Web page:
However, Chuquicamata (pronounced chu-ki-ka-mata) near the Chilean town of Calama is much more than that. It is the site of the world’s oldest recorded mine accident, a mining equipment museum, a showcase to some Australian mining technology, home to a ghost town and, if all goes to plan, will become the world’s largest blockcave mine.
The Codelco mine, known colloquially as Chooky, has been extracting and treating copper oxide ore, turning out 8500 cathodes per day. Each cathode is 99.95% copper. Its electrolytic refinery has a nameplate of 855,000t of copper.
To turn that out the mine needs to deliver 230,000t of ore each day.
The mining operation is a fairly vanilla truck and shovel operation.
To get the ore out of the pit Chuquicamata has 92 trucks and 85 of them are in use on any given day with the remaining seven reporting for maintenance.
The truck fleet is split between Komatsu and Liebherr T282 trucks.
Many of those trucks are fitted with Australian-made Duratray truck bodies as well as Westech bodies from Australian company Austin Engineering.
Given Chile is seismically active, slope stability is a major concern.
Adding to the difficulties, a major fault line runs through the western side of the pit. This is where two tectonic plates butt together. A quirk of this is that there are two completely different soil types on the two plates. Still plenty of copper though.
Those pit walls are at about a 45 degree angle.
Australia’s Mining Monthly understands GroundProbe slope stability radars are being used to monitor the pit’s walls. GoundProbe surface radars are certainly in use at Chuquicamata’s near neighbour Radomir Tomic.
Chuquicamata is reaching the point though where it will no longer be economic to get much deeper.
That means the copper sulphide ore that has been identified at 1200m depth will need to be extracted another way.
Since 2011 Codelco has been developing an underground operation, cutting the access and transport tunnels for the mine.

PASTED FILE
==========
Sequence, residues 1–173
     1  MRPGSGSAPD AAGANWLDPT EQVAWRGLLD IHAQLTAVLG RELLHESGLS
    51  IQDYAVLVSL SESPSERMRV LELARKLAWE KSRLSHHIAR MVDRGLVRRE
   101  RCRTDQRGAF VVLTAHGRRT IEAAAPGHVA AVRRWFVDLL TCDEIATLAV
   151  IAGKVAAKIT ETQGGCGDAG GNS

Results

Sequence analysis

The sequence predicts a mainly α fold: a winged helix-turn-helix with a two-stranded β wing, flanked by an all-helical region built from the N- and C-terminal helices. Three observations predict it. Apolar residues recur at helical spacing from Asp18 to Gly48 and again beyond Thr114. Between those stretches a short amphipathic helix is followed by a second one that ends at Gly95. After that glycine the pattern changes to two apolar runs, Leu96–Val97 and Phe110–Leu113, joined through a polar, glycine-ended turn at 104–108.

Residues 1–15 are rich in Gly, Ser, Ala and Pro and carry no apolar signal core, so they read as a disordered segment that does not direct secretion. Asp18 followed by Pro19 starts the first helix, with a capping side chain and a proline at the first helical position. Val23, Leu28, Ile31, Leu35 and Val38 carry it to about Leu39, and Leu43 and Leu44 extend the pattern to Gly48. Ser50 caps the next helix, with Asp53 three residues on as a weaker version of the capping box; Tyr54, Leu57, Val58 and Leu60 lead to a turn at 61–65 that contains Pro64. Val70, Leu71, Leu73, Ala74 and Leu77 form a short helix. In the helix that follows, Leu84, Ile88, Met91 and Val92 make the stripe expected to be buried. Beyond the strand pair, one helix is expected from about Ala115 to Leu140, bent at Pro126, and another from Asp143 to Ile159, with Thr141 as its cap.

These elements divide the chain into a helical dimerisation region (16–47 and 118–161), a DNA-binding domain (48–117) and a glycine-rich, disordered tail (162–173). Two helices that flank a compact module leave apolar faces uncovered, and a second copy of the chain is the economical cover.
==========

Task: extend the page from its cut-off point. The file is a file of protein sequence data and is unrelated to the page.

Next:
The access tunnel will be for worker access and egress while the transport tunnel will shift the ore out of the mine via conveyors.
The underground operation is expected to extend Chuquicamata’s life another 50 years and have a peak production capacity of about 380,000tpa of fine copper.
At full flight the underground operation will have about 1000km of tunnels and be a three-level operation going 800m deep.
The plan is to have 20 major blocks per level. Those blocks will be between 200m and 400m high and have a 33,000sq.m base.
According to a Hatch report, the underground project has a $US4.3 billion capital expenditure price tag.
While the Chuquicamata mine has been going for a tick over a century, and with the underground operation could be going for 50 more, mining at the site stretches back centuries.
In 1899 a miner discovered the mummified remains of a miner who had suffocated in a collapsed tunnel, who became known as Copper Man.
Along with Copper Man was the discovery of various mining tools.
Carbon dating of the body put the age at about 550 years after the death of Christ.
One of the striking things about the discovery of Copper Man was the condition his remains were found in.
Experts postulated that it was the anti-microbial properties of the copper he was buried in, although some say it was the dry conditions of the Atacama Desert the mine sits in that helped with the preservation.
It seems Codelco has taken the site’s history to heart because dotted around the mine are examples of the mine’s old machinery.
In one corner there is an old shovel built in the 1940s. It contrasts well with the P&H electric rope shovel that has just been retired after operating for 16 years. The 1940s digger is more than 30m tall but its bucket could hold just 15t. The P&H shovel’s bucket holds 70t.
Near the haul truck maintenance shed are several examples of old haul trucks, including a “souped up” Electra Haul.
Alongside the mine is the town of Chuquicamata that was once home to 25,000 people.
Those people lived there rent free and did not have to pay for their electricity or water.
However, changing health regulations caught up with the town and it was deemed too expensive to bring the buildings up to code.
Instead they were shuttered and the workers were moved to Calama, 15km away.
They had to buy their own houses, however, Codelco chipped in 75% of the purchase price.
It has left the mine with a somewhat eerie legacy on its doorstep.
Many of the buildings look like the inhabitants have just stepped out on an errand.
It is the sort of film set that would have a film maker with dreams of producing a post-apocalyptic script licking their lips.
While age eventually wearied it, Chuquicamata was a very modern city in its day.
In the 1960s it had Chile’s most advanced hospital and it also played host to the country’s first basketball stadium.